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Title: Monitoring and modelling of microseismicity associated with rock burst and gas outburst hazards in coal mines
Author: Cao, Wenzhuo
ISNI:       0000 0004 7963 8137
Awarding Body: Imperial College London
Current Institution: Imperial College London
Date of Award: 2019
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This thesis aimed at establishing a better understanding of the mechanisms involved and methods for forecasting, prevention and control of rock bursts and gas outbursts in underground coal mining. After a comprehensive review of relevant literature, the thesis first presents experimental investigations into the seismic response of coal blocks to stress and fracturing under true-triaxial stress conditions. The dynamic response of coal seams to longwall face advance has been investigated through continuous microseismic monitoring of several longwall panels over the research period. A conceptual model has been developed to interpret the recorded microseismicity based on the fracture slip seismicity-generation mechanism. Based upon the monitoring results and the conceptual model, a statistical short-term forecasting methodology was developed to estimate the probability of hazardous microseismicity during longwall coal mining. In addition, a discrete fracture network (DFN) based microseismic modelling methodology was developed to simulate Longwall Top Coal Caving (LTCC) mining induced microseismicity in a probabilistic framework through the combination of deterministic stress and failure analysis and stochastic fracture slip evaluation. The modelling methodology was further employed to investigate the impact of lithological heterogeneity on microseismic characteristics. Further on, rock bursts and coal and gas outbursts are generalised as problems of dynamic instability under excavation unloading conditions. The role of excavation unloading as a source of dynamic stress perturbations in contributing to rock bursts was quantified. A coal and gas outburst model based on fracture mechanics and gas dynamics was formulated and further numerically implemented to simulate coal and gas outbursts during roadway developments. Key factors affecting outburst initiation and its temporal evolution were also identified.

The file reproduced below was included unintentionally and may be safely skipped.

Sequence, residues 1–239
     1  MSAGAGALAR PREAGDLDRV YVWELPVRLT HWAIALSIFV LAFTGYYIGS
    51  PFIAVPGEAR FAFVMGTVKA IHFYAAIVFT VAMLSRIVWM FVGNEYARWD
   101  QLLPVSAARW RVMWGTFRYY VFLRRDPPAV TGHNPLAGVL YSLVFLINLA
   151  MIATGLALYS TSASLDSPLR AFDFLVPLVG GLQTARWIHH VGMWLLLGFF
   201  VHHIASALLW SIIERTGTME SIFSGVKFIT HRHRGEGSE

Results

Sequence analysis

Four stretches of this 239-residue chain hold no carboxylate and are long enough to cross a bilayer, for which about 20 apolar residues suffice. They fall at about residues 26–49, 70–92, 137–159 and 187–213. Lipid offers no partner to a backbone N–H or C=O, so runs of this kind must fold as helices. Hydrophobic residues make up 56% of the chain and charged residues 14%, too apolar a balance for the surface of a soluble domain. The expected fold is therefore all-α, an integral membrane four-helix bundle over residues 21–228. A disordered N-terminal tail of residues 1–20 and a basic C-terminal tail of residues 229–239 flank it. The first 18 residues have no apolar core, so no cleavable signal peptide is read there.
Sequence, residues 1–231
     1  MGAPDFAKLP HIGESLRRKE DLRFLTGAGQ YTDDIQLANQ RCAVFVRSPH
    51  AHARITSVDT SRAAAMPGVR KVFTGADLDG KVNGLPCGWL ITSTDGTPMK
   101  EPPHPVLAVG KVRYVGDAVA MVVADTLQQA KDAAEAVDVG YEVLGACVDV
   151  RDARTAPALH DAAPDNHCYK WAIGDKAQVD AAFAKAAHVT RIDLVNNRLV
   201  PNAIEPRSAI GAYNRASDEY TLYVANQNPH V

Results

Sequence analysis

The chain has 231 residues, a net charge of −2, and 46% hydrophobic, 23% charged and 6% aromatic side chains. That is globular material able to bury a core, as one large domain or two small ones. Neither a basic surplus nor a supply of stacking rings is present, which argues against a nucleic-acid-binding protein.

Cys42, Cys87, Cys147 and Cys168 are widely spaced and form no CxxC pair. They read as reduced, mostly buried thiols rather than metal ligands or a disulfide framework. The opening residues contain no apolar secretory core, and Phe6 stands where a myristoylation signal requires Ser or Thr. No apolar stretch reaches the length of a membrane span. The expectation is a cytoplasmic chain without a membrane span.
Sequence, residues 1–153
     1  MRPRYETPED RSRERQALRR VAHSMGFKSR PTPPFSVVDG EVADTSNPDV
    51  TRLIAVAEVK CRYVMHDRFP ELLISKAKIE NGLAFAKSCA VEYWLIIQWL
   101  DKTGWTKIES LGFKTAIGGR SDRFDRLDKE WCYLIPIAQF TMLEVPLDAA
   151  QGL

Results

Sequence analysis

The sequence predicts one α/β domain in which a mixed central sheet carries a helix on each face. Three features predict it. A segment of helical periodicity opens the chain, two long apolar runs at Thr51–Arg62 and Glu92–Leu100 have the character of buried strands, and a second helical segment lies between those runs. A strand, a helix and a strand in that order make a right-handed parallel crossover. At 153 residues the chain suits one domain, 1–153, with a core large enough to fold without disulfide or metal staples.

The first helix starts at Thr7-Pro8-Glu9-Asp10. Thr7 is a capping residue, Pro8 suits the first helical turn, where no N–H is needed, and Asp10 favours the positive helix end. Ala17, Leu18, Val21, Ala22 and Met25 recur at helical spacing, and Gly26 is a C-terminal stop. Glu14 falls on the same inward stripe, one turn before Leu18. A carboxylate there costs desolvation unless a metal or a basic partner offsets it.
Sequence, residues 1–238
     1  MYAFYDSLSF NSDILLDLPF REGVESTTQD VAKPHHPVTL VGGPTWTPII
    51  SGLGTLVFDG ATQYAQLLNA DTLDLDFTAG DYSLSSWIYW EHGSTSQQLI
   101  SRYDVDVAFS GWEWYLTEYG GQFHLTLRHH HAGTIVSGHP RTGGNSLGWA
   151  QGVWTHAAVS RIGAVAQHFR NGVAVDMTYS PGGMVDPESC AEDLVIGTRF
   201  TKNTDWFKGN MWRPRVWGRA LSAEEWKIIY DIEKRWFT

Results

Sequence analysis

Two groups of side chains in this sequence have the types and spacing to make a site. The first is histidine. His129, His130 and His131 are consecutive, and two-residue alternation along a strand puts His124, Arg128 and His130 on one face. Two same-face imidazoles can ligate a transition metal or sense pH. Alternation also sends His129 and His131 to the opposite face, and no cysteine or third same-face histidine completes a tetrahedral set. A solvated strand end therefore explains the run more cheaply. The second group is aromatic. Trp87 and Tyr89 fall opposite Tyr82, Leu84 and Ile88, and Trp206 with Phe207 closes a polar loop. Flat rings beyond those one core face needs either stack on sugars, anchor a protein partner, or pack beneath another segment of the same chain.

Supervisor: Durucan, Sevket ; Shi, Ji-Quan Sponsor: Engineering and Physical Sciences Research Council (EPSRC)
Qualification Name: Thesis (Ph.D.) Qualification Level: Doctoral